On the plus side, most puppies you buy should hopefully come pre potty trained. For example, I have Maltipoo puppies for sale that are already trained to use pee-pads or newspaper. For the sake of convenience, new pet owners certainly approve of this. Still, the pads or newspaper will need to be replaced eventually, meaning you'll have to be the one picking up the gross, used papers... okay it's not so bad, really. Training a dog to go outside, however, is still preferable for most people, and totally worth it.
The Ugly: While the dogs are using your home as a personal toilet, let's focus our attention elsewhere. Dogs are notorious chewers, a dangerous habit that could cost you a pretty penny. Wires, shoes, and pillows are a few things a dog might chew on, some of which can cause a general mess in your house, or a mess of wealth in your wallet.
Do you have any wires out in the open? Tons of the appliances we use today have cords attached to them and dogs can and will chew through these cords when bored. Not only does replacing the broken devices cost money, but it could also cost your dog his life. Indeed, electricity is nothing to fool around with. To avoid such a pricey accident, invest in several cord covers and chew toys. The covers will prevent wire chewing, and the chew toys will occupy the dog's time instead of your delicious shoes, saving you money in the long run.
The Good: Conveniently, cats are already potty trained and clean themselves on a daily basis. All you have to do is place a couple of litter boxes around your home and the cat will handle the rest. Just ensure the litter boxes stay clean, otherwise cats will avoid using them, instead opting for a nearby rug. Cats also groom and wash themselves every day, so they stay nice and sparkly.
The Bad: Dogs have an affinity with chewing, cats have an affinity with scratching. They naturally love kneading on things, some of which involves furniture. Yeah, cats are unfavorably renowned for destroying soft chairs or sofas with their pointy claws, and that can become an expensive problem.
While the habit may be disconcerting, it's also easily preventable. Buy scratching posts and strategically place them next to the furniture you want protected. The scratching posts should lure the cat into using them instead of that high-priced couch of yours.
Another dirty habit originates with male cats. An unneutered male cat will develop a spraying practice, marking anything he chooses with a spray of urine. This habit is difficult to clean up after, but this too can be easily prevented. Just have a veterinarian neuter any male cats you have, starting at an early age. The earlier you neuter them, the less chance they'll have at developing this nasty tendency.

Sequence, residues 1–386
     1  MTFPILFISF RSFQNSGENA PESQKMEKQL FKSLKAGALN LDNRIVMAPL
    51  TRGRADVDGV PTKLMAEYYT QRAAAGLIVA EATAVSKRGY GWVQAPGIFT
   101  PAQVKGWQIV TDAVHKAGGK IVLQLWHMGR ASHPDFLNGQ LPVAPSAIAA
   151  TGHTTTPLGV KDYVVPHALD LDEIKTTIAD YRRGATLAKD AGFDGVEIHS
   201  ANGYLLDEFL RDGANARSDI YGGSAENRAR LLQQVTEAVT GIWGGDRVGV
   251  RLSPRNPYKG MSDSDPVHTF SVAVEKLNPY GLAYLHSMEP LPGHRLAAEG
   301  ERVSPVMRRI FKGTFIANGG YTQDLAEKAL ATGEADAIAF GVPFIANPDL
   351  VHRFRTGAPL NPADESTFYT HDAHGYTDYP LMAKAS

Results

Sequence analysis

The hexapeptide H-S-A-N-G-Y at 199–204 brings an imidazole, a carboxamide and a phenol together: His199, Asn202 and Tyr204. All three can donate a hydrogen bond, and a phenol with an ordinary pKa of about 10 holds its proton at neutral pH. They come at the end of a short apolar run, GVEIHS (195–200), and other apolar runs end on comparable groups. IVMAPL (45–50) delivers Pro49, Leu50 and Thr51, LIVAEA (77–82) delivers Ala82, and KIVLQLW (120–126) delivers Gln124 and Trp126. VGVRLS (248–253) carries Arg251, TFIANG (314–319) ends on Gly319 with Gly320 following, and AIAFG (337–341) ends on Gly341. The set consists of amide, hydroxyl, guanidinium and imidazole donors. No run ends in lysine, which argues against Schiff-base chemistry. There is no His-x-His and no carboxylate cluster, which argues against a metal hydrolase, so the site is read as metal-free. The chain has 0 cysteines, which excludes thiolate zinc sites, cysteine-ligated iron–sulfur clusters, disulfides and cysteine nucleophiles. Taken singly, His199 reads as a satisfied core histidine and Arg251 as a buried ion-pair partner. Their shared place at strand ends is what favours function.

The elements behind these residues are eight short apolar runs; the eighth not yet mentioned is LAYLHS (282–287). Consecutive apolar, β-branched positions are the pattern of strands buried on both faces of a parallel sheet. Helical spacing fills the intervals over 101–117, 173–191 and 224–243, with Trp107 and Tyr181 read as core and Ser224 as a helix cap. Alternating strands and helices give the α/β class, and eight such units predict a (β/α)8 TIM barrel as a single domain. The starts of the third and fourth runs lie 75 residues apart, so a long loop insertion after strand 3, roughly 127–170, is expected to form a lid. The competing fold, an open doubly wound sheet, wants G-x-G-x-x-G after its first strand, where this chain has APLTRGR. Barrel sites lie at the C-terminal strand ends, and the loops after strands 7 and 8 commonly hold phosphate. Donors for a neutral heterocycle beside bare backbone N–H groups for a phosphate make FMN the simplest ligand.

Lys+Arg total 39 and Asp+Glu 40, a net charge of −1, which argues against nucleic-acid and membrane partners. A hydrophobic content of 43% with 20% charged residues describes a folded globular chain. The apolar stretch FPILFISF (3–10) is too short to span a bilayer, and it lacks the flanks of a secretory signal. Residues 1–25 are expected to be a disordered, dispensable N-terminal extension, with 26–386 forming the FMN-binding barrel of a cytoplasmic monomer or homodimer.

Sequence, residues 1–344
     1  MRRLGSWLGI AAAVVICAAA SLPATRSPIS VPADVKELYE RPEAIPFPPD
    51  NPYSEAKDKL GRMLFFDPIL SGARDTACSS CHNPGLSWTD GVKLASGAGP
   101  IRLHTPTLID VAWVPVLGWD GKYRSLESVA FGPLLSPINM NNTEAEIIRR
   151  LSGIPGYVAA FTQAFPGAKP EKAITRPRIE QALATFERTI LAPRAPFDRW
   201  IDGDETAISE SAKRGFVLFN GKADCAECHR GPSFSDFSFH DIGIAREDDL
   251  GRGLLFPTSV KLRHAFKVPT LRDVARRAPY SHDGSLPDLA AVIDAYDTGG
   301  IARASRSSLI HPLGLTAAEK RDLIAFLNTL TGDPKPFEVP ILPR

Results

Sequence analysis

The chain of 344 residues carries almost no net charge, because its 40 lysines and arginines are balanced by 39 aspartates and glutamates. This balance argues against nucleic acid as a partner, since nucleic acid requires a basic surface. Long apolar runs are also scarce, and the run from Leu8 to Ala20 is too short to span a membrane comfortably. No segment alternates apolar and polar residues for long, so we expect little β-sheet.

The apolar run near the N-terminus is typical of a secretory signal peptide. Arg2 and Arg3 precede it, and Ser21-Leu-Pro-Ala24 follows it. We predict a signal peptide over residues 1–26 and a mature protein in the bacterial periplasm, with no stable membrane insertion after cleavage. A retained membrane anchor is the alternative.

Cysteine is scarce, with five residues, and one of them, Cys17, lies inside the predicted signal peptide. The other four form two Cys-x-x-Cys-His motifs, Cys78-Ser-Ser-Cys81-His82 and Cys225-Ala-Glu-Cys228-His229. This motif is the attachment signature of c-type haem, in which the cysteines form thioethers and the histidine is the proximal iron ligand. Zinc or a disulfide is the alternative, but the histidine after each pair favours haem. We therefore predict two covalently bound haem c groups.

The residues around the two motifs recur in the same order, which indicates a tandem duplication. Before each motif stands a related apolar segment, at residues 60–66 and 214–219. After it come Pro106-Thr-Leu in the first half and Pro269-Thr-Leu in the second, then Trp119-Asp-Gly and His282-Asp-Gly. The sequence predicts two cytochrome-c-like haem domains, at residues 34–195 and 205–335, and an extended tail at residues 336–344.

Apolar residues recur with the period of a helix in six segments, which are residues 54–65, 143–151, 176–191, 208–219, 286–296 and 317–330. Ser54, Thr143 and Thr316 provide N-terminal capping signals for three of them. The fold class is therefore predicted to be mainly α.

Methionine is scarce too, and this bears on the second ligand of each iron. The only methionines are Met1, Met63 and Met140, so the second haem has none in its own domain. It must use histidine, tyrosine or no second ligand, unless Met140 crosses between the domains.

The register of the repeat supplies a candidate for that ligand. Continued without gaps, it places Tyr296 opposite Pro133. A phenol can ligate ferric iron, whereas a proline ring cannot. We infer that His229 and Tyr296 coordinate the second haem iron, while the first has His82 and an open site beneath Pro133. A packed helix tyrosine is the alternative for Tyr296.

The Ugly: While cats keep themselves shiny and well groomed, it comes at a price. They clean themselves using their mouths, obviously, but they ingest a small amount of hair for each cleaning session. It accumulates inside until finally needing to be coughed up as an ugly, wet hairball. Long haired cats have more hairballs than short haired ones, so keep that in mind if you want a cat.
Dog and Cat Entertainment - How Do They Have Fun?
The Good: People have fun with dogs in various ways. Dogs can be taught clever tricks that can be used for friends or relatives to see. They play many games that involve the owner, such as fetch, frisbee or tug of war; fetch is a great way for a dog to get some quick exercise. They also enjoy going for active walks during the day which offers you and your dog a healthy dose of exercise medicine. Yummy!
The Bad: I guess if you are lazy guy or gal and are not looking for such an outgoing pet, then a dog's entertaining ways might be lost on you. If this is the case, perhaps you should think about getting a cat instead for reasons I'll explain below.
The Ugly: The downsides of too much playing are possible injuries. Be careful not to overexert yourself or your dog, and don't risk putting them into a dangerous situation that could endanger their life, like throwing a fetching ball into questionable places. Smaller dog breeds like a Maltipoo or Chihuahua are more likely to be injured, so be careful. Those medical bills are accompanied by a hefty price tag.
The Good: Cats love to entertain themselves. They will play with or without you, and with or without anything... seriously. When cats get bored, they will attack rugs, socks, strings, bottle caps, or whatever is tiny enough to swat around. If the object is small and a cat can move it, it will be played with, have no doubt about that. And if they can't find something to smack around, then they'll chase their own tail in circles for minutes at a time and even bite it if they get the chance. Sometimes I wonder if cats know it's their tail own or not.
Basically, it's funny to just stare from afar while they play. The number of times I've watched my cat stalk little bugs in the house is surprisingly high, and it never gets old. The way they slowly move towards their prey while skillfully using furniture for cover is hilarious. Sometimes I'll mess them up by walking over which triggers the bug to fly away. I bet they hate me for that.
The Bad: Well, the fun comes from watching, not so much participating yourself. There are a few things you can do if you truly want to get involved. Cats can't resist the opportunity to play with string, so grab a piece and wiggle it in front of them. They'll swipe and jump like crazy. Stores sell toys with strings that you could try as well. Still, that's basically it. Cats don't really need you to have fun and that can be kind of depressing for some.
The Ugly: Playing with a cat usually involves dangling a piece of string in front of them and lifting it up and down. Depending on the length of the string, the swiping a cat does might inadvertently slash your hand, ouch! And do not even think about scratching a cat's belly, because they will grab back. Playfully, of course, but when they have knives for fingers, it hurts!
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The Conclusion of Dogs Vs Cats!
As you can see by the predictable scores I've created, both dogs and cats come out pretty much evenly! This is all my opinion of course, but the point of this article was to help new owners decide what pet might be best for them. After reading all the positives and negatives each animal brings, hopefully you are able to answer that perplexing question: "What pet is right for me?"
And then you buy both. Ha!